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Overreacting to Information Security

Dec 10, 20122 mins

If you have been reading my postings for the last several years, you know I am hardly one to be lax when it comes to information security measures – particularly when information will be shared with business partners and vendors.  That said, I am finding a common overreaction among businesses to this issue.  

Sophisticated businesses have now developed form information security language for inclusion in their business partner and vendor agreements.  That language is frequently very extensive, designed to cover the myriad of business and regulatory issues that arise when they entrust their most sensitive information to a third party.  The overreaction I am referring to is when a business has reduced the analysis of whether to require all of these extensive to a binary question:  Is any sensitive information at risk, regardless of how limited?  If the answer is “yes,” all security language is required.  If the answer is “no,” the security language can be foregone.

Let me be more specific.  Businesses have developed very thorough contractual language to protect their highly confidential information.  The overreaction we are seeing is that those businesses frequently use an all-or-nothing approach to the use of this language.  If “any” personal information is at risk, even if it is very basic information involving, say customer names, the entirety of the extensive information security language is required.  There is no scaling of the language depending on the actual risk presented.

I am not saying that customer names aren’t deserving of protection, but, rather, I am merely trying to highlight the problem of the all-or-nothing approach.  I suggest scaling the protections required to actually reflect the risk may be a more appropriate approach, avoid costly negotiations over security provisions that provide only incremental or no real additional protection, and likely decrease the overall time for negotiations.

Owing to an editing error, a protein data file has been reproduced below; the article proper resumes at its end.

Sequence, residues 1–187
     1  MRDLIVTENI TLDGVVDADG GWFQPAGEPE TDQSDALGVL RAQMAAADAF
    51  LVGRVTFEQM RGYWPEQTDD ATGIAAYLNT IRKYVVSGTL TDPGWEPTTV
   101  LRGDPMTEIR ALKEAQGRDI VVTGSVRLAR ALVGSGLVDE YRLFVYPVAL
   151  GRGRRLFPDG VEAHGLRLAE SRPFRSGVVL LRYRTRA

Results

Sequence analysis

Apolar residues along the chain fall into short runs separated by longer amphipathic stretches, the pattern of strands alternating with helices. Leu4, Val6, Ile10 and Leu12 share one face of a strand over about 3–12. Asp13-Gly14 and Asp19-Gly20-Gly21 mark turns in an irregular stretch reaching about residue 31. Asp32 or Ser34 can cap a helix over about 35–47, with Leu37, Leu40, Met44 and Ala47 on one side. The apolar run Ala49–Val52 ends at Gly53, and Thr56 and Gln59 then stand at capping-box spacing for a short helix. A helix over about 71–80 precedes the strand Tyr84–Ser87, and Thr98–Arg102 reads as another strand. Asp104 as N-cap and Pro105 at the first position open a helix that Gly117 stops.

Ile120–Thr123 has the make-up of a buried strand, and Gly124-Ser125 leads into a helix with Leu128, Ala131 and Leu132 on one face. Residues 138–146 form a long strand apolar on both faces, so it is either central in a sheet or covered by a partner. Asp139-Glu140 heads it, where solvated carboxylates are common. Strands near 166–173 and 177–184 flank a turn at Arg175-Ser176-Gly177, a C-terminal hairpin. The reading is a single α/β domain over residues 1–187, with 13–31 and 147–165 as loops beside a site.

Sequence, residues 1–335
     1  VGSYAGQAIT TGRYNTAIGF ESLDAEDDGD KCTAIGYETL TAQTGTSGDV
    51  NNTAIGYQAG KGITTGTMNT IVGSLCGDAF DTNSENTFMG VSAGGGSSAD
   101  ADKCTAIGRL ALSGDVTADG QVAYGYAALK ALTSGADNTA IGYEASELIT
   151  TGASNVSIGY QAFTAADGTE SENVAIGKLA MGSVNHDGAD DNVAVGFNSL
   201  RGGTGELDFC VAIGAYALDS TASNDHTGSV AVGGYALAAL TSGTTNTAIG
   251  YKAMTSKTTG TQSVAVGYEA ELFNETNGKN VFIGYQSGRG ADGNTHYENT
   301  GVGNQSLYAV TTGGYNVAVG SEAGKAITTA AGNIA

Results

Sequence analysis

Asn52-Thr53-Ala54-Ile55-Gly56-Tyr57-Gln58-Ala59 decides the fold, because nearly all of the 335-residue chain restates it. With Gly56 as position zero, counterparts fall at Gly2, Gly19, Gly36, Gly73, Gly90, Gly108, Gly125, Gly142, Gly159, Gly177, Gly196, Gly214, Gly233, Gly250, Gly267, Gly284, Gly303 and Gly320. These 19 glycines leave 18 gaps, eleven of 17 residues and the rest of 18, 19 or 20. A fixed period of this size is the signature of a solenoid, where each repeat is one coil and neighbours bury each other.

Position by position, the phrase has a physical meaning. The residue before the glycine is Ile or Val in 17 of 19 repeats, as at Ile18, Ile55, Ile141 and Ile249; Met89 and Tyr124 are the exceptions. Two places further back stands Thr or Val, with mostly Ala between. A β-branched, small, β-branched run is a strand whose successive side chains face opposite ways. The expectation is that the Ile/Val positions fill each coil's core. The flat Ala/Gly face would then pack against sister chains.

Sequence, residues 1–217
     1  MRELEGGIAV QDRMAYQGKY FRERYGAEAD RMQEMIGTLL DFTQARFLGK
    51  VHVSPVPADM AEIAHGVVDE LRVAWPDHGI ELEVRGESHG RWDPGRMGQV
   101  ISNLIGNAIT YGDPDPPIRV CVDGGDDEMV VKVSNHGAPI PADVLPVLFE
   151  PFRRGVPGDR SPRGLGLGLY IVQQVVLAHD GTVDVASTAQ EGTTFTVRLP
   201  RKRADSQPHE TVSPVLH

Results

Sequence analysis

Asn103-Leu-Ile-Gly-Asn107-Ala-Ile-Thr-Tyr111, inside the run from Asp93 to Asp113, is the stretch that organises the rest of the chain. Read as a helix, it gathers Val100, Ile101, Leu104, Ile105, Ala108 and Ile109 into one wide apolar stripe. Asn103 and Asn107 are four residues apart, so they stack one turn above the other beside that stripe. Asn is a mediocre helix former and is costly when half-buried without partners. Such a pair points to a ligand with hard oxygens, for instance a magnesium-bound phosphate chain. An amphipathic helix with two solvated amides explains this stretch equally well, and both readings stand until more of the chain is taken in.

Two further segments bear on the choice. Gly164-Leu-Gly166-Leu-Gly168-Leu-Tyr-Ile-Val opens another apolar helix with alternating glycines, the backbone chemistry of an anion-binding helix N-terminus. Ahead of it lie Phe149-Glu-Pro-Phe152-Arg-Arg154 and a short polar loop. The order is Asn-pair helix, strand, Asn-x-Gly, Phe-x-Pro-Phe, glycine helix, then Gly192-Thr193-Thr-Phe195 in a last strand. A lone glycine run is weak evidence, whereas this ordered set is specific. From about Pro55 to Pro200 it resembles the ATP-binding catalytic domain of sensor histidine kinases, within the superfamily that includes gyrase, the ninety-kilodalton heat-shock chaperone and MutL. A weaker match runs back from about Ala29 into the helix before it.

One-size seldom fits all in real life.  My suggestion is that businesses consider a scaled approach to information security, while, of course, still complying with all legal and regulatory requirements for the relevant data.  It does not make sense to use the same level of protection for a very minor, even incidental, contact with sensitive information as that required in an engagement where a vendor will be hosting the entirety of a business’ customer database and transaction data.


Michael R. Overly is a partner and intellectual property lawyer with Foley & Lardner LLP where he focuses on drafting and negotiating technology related agreements, software licenses, hardware acquisition, development, disaster recovery, outsourcing agreements, information security agreements, e-commerce agreements, and technology use policies. He counsels clients in the areas of technology acquisition, information security, electronic commerce, and on-line law.

Mr. Overly is a member of the Technology Transactions & Outsourcing and Privacy, Security & Information Management Practices. Mr. Overly is one of the few practicing lawyers who has satisfied the rigorous requirements necessary to obtain the Certified Information System Auditor (CISA), Certified Information Privacy Professional (CIPP), Certified Information Systems Security Professional (CISSP), Information Systems Security Management Professional (ISSMP), Certified Risk and Information System Controls (CRISC) and Certified Outsourcing Professional (COP) certifications.

The opinions expressed in this blog are those of Michael R. Overly and do not necessarily represent those of IDG Communications, Inc., its parent, subsidiary or affiliated companies.

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